On May 25, 2005, immediately after the state elections in North Rhine-Westphalia ( North Rhine-Westphalia ) that the SPD had lost , the former party chairman Oskar Lafontaine resigned because of the government's policy ( Agenda 2010 , Hartz IV ) , which he believed was incompatible with the principles of social democracy the SPD and a few weeks later became a member of the WASG , after the latter had entered into a left-wing alliance with the PDS for the federal election in autumn 2005.

An early federal election had been announced by the Chancellor and the SPD party leadership after the defeat in the state elections in North Rhine-Westphalia. The goals of the SPD for the elections on September 18, 2005 were: Remain in government responsibility and continue the reforms with greater consideration of social aspects.

2005 to 2009: Second Grand Coalition

After the SPD had become almost as strong as the Union parties in the Bundestag election and the Union was unable to form a coalition with the FDP, the CDU, CSU and SPD agreed after lengthy exploratory talks on a grand coalition under Angela Merkel as Chancellor.

Other coalitions had also been discussed beforehand. A traffic light coalition made up of the SPD, the Greens and the FDP and the so-called Jamaica coalition between the CDU / CSU, the FDP and the Greens were discussed. A red-red-green coalition made up of the SPD, the Left Party and Bündnis 90 / Die Grünen was excluded from all parties.

Reasons for the loss of the red-green majority were seen mainly in the fact that a party “left” of the SPD (Left Party) was able to establish itself for the first time.

After the successful signing of the coalition agreement, Chancellor Angela Merkel, elected by 397 members of the German Bundestag , proposed eight SPD ministers to join the grand coalition , including Franz Müntefering as Minister of Labor and Vice Chancellor . After the appointment by Federal President Horst Köhler , the 8 federal ministers of the SPD now formed the first Merkel cabinet with the 7 other federal ministers of the Union and the Federal Chancellor Merkel .

The Second Grand Coalition, like the first, undertook special main tasks in order to take advantage of the opportunities offered by absolute majorities in the Bundestag and Bundesrat. The first was to achieve a balanced budget, i.e. a budget without net borrowing, by 2011. One measure was the increase in VAT to 19% (January 1, 2007), which the SPD rejected in the 2005 election campaign. In the federalism reform , the relationship between the Federation and the Länder was reorganized. In addition, the Konrad shaft was decided to be the first repository for light and medium-level radioactive waste and thus for 90% of the nuclear waste generated in Germany.

The Brandenburg Prime Minister Matthias Platzeck , who had taken over the party chairmanship from Franz Müntefering after an internal party dispute over the election of the General Secretary, resigned as SPD chairman on April 10, 2006 after five months for health reasons. His successor was the Minister-President of Rhineland-Palatinate, Kurt Beck , who until then was one of the deputy chairmen.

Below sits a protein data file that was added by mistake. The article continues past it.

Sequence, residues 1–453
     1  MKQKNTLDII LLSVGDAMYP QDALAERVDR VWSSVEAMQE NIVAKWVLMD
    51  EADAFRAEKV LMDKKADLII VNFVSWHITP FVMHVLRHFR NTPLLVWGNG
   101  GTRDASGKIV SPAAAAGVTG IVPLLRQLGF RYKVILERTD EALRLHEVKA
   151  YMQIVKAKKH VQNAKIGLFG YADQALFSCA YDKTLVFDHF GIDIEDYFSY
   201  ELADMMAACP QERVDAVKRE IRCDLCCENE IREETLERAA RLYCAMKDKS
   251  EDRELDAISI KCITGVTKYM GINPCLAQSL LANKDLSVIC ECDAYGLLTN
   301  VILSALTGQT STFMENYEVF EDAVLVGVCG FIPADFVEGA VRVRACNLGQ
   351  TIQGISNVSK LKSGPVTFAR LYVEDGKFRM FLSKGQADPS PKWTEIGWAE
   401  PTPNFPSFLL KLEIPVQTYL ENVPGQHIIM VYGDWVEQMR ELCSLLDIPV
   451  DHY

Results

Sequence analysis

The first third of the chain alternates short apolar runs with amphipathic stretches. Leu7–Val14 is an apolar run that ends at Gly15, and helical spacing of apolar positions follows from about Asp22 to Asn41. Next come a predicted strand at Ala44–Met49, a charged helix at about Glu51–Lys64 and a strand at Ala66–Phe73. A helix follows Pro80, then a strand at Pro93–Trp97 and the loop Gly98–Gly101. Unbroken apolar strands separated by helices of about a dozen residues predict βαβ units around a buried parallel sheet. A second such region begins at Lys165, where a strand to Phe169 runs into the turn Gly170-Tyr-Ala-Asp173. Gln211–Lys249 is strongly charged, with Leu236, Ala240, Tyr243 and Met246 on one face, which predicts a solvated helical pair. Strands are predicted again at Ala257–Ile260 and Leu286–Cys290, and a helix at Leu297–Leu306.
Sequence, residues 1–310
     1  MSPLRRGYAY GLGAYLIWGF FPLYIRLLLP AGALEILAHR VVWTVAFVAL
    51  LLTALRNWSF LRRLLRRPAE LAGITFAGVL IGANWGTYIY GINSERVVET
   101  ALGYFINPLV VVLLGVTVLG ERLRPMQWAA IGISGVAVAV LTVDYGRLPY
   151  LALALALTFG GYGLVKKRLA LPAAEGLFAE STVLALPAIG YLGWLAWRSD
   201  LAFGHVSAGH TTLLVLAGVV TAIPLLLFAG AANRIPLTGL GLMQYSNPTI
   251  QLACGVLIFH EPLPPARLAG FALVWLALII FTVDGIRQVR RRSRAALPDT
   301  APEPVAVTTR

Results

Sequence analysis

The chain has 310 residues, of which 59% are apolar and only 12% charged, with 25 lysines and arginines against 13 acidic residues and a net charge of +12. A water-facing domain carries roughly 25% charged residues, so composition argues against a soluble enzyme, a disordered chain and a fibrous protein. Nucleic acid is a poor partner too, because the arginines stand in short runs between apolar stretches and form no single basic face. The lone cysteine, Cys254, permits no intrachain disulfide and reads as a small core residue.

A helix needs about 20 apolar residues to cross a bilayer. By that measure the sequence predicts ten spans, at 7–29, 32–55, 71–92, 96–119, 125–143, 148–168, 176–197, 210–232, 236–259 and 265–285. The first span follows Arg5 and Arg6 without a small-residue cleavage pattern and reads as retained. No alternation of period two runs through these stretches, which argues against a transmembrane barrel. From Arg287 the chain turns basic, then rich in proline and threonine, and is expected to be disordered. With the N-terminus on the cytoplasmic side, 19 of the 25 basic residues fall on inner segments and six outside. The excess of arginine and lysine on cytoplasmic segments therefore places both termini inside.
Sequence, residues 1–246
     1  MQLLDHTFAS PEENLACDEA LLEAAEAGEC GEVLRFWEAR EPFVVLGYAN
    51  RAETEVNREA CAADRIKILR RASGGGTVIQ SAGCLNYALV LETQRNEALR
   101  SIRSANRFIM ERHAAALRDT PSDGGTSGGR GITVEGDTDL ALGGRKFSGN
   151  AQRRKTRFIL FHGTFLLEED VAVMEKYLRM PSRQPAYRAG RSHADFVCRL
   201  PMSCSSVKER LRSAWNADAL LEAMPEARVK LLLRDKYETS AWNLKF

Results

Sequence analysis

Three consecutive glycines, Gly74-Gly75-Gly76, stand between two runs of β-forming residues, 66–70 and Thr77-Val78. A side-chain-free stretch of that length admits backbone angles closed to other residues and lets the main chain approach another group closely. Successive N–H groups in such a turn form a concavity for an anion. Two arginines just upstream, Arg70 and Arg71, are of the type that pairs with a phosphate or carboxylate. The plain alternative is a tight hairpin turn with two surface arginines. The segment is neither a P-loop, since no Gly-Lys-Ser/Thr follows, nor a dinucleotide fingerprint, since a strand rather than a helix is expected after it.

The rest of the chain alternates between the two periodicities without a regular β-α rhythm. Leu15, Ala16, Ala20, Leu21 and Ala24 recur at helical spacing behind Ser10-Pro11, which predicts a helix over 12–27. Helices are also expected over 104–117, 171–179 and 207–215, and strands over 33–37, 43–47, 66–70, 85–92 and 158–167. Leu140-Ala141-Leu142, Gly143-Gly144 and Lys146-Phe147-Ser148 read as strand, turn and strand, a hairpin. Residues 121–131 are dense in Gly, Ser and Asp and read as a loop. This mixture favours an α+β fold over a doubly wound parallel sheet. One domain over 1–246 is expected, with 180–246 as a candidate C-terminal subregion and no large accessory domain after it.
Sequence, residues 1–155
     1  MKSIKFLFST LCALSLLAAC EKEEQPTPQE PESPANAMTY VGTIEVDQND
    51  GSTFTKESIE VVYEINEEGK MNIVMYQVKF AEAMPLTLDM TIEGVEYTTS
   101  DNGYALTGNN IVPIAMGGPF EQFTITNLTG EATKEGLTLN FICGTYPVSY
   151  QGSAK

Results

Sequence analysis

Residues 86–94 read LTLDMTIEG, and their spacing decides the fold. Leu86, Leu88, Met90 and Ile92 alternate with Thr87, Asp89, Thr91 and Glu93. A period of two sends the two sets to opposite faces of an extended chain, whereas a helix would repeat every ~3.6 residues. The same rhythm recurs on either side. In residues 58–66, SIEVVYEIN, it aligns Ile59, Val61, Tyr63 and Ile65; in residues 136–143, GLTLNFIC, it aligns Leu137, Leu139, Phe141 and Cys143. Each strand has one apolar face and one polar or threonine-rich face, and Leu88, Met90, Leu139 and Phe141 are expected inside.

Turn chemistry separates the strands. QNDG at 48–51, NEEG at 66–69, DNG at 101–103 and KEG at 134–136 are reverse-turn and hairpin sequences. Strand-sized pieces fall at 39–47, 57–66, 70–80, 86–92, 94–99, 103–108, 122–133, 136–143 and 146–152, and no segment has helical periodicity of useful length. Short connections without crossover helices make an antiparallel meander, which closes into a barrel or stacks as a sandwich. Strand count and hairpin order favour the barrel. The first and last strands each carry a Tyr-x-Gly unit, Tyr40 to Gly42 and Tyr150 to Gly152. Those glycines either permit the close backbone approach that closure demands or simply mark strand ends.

Frank-Walter Steinmeier as Federal Foreign Minister at the time (2005–2009, 2013–2017), Vice Chancellor (2007–2009) and Acting Federal President (since 2017)

On September 7, 2008, Kurt Beck announced his resignation as party chairman at a closed meeting of the party leadership. His deputy, Frank-Walter Steinmeier , who was nominated as candidate for chancellor for the 2009 Bundestag election on the same day , took over the party chairmanship on a provisional basis until Franz Müntefering, nominated by the party presidency, was elected as the new chairman at a special party conference. On July 30, 2009, Steinmeier presented his “Team Steinmeier” for the federal election, which, in addition to the then federal ministers with SPD party membership, only included politicians who were relatively unknown at the time.

2009 to 2013: renewed opposition

In the federal election on September 27, 2009, the SPD dropped from 34.2% to 23.0% of the votes, so that a majority for a government coalition made up of CDU / CSU and FDP was possible. As a result of the election defeat, party chairman Franz Müntefering announced his resignation at the party congress in November 2009. Former Federal Environment Minister Sigmar Gabriel was elected as his successor, and the previous deputy party chairman Andrea Nahles became the new general secretary. The former Federal Ministers Peer Steinbrück and Frank-Walter Steinmeier also resigned as deputy party chairmen, followed by Manuela Schwesig , Klaus Wowereit , Olaf Scholz and Hannelore Kraft . Two years later, the ranks of vice-chairmen were expanded to include Aydan Özoguz , who is of Turkish origin . Chancellor candidate Frank-Walter Steinmeier, on the other hand, was elected as the new leader of the SPD parliamentary group just two days after the federal election.

In the following state elections, the SPD was able to achieve primarily successes. In North Rhine-Westphalia, Hamburg, Schleswig-Holstein and Lower Saxony, Hannelore Kraft, Olaf Scholz, Torsten Albig and Stephan Weil succeeded in replacing their Christian Democratic predecessors as heads of government. In Baden-Württemberg, the Social Democrats, as junior partners of the Greens , succeeded in attaining government participation and in sending the CDU, which had ruled since 1953, into the opposition. In 2012 , the opposition was able to take on the role of junior partner of the CDU in Saarland . In the remaining elections to the state parliaments, the SPD was able to maintain its status as a senior or junior partner in the respective state government . In the state elections in Rhineland-Palatinate in 2011 alone , the party lost its absolute majority in the mandate and has since led a coalition with the Greens . Thus, the then black-yellow coalition no longer had a majority in the Federal Council. Instead, there is currently a majority of the SPD, Greens, Left and SSW .